I’m waiting at the Golden Lounge (as an Enrich frequent flyer member, though I did have to pay in miles) for my flight to Johor Bahru. It’s nearly 7 in the morning and my flight leaves just before 11.

I got upgraded to Business Class on the flight from Amsterdam (which involved a surly hostel receptionist, no breakfast, missing a train, being stuck in a checkin line for an hour, having to board immediately, and not knowing my seat number until seconds before boarding because the flight was overbooked). For all the stress, the relaxation I got with better seats and better food eased all of the other worries. It was also lovely to see and hear Spidey in the MAS videos at the beginning and ending of the flight – it was like having her by me.

For confidentiality reasons I can’t exactly divulge what went on at the workshop (for those of you who’ve done it before – it’s pretty much similar). It was an emotional rollercoaster and really pushed me to all sorts of emotional limits. There was one person, however, that turned things around for me and made a big impact on my workshop experience.

Steini in his usual crazy modeA rare candid non-hammy photo of Steini

Steini is from Iceland and is best friends with Inga, the lovely lass that had been taking care of all the TestPilots. He is utterly flamboyant, sparkly, bouncy, loud, energetic, flaming, screaming, drama queen – one of the biggest nutcases I know (and I know quite a few nutcases!). We were pretty similar, in a way; we both had boundless energy and didn’t quite know where to focus it all.

Steini was a hit with our group and became our “class clown”, cheering us up whenever things got dour. I, on the other hand, didn’t feel as welcome. I knew that I had a tendency to be unwittingly overwhelming (no matter how hard I try to reign myself in) and I worked hard to keep calm and give everyone a chance while still contributing. However, this meant that I often lost out in group discussions as one or two people would dominate the conversation and make it a two-way between themselves – that was seen by the rest as leadership. The only way I could get a word in was to nearly force my way in, which was seen by the rest as overwhelming. Body language was telling – the person next to me sometimes turned his back towards me to concentrate on others, and when I raised my hand to indicate that I would like to say something, I was signalled to put it down, as though I would barge in (then my raised hand would be ignored and they’d just have their two-way).

There was an exercise to show who helped you the most and who hindered you the most. No one thought I was helpful; half the group thought I was a hindrance. Overwhelming, loud, won’t listen. I didn’t think that was fair. I did listen, and made a strong effort to connect ideas together and relate them to our end goal (we had a major assignment and I was very strong and vocal on making sure we kept to the spirit and goals of the assignment and not get lost in being “young, hip, and cool”). Just because someone may have beaten me to my thought, or because I never got around to saying anything, doesn’t mean I didn’t care. I thought some of the comments were hypocritical (I certainly wasn’t the only supposed domineering character) but I was not given a chance to defend myself.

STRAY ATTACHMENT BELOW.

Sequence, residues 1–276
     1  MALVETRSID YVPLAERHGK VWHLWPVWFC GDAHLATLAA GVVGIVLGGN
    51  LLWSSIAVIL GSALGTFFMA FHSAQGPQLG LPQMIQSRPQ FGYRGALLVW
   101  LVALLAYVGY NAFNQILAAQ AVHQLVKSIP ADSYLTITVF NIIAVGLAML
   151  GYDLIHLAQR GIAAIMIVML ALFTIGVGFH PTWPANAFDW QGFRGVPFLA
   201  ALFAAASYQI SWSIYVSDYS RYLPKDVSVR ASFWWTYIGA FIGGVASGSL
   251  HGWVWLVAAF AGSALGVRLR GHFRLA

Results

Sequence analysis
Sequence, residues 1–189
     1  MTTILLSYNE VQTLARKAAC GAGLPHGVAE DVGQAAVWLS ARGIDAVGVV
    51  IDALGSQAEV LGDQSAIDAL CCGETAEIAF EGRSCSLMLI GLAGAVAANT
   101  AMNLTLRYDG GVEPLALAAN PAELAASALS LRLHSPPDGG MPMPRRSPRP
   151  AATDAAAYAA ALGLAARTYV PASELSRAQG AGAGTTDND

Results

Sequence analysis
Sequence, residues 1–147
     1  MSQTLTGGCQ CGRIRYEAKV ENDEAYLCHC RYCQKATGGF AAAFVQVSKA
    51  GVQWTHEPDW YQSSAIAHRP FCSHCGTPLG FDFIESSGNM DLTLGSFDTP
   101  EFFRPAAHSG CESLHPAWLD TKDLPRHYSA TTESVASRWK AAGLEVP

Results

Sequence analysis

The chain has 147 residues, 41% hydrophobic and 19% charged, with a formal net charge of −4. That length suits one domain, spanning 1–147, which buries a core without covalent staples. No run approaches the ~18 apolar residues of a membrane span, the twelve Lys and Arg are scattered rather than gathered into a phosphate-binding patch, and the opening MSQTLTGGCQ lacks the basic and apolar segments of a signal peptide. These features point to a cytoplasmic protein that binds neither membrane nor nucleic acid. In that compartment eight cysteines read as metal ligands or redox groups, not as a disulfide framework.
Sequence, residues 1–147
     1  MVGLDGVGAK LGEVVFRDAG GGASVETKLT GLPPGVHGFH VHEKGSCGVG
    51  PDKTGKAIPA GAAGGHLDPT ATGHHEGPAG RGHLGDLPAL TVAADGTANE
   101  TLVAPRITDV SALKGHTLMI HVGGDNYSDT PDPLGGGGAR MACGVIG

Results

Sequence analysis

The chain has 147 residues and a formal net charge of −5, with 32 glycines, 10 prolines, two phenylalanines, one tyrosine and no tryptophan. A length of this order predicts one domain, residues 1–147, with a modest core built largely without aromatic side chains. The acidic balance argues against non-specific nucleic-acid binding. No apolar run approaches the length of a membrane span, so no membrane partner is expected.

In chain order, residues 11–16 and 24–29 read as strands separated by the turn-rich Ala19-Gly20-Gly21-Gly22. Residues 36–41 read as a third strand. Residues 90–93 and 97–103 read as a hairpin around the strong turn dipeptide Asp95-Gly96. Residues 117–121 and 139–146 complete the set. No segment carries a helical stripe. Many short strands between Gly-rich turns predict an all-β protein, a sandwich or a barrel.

The exercise was already making me physically ill – I remember doing it in Stockholm and even though I fared much better there I still found it unbearable. Myself and Katherine, another girl that was getting the brunt of the criticism (including from me and herself!), broke down in tears. Katherine tried to laugh it off; I just sobbed.

Earlier in the day, not knowing of this exercise (or maybe he did, from Inga), Steini pulled me aside and told me that some people were feeling uncomfortable around me. I hate being pulled aside for any reason (even if it turns out to be something good) and this didn’t make me feel any better. So I was quite surprised when Steini, who had been sitting across from me watching me cry, jumped over to me and held me. He tried to cheer me up, telling me that I will be a KaosPilot, that we would live together when that happens, that I am a good person. I wasn’t feeling any of those (I particularly felt that my chance of being a KaosPilot was over, and can’t shake it off till now), but I really needed that comfort.

We were also meant to tell the group what we ddi positively and negatively, and what we learnt. Time was up before myself and Raha (another group member) had our turn, and the group decided that we could finish it off at lunchtime. In that space I talked about how I worked hard at keeping the big picture (our assignment) in mind, that I didn’t feel like I contributed anything useful, that I have been holding back a lot and still it was overwhemling and I don’t know how else to not be overwhelming without shutting down, that I was loud because my mother has hearing problems and I had adapted to speaking louder so that she could hear me (I only worked this out a week ago despite being told off as “loud” for ages).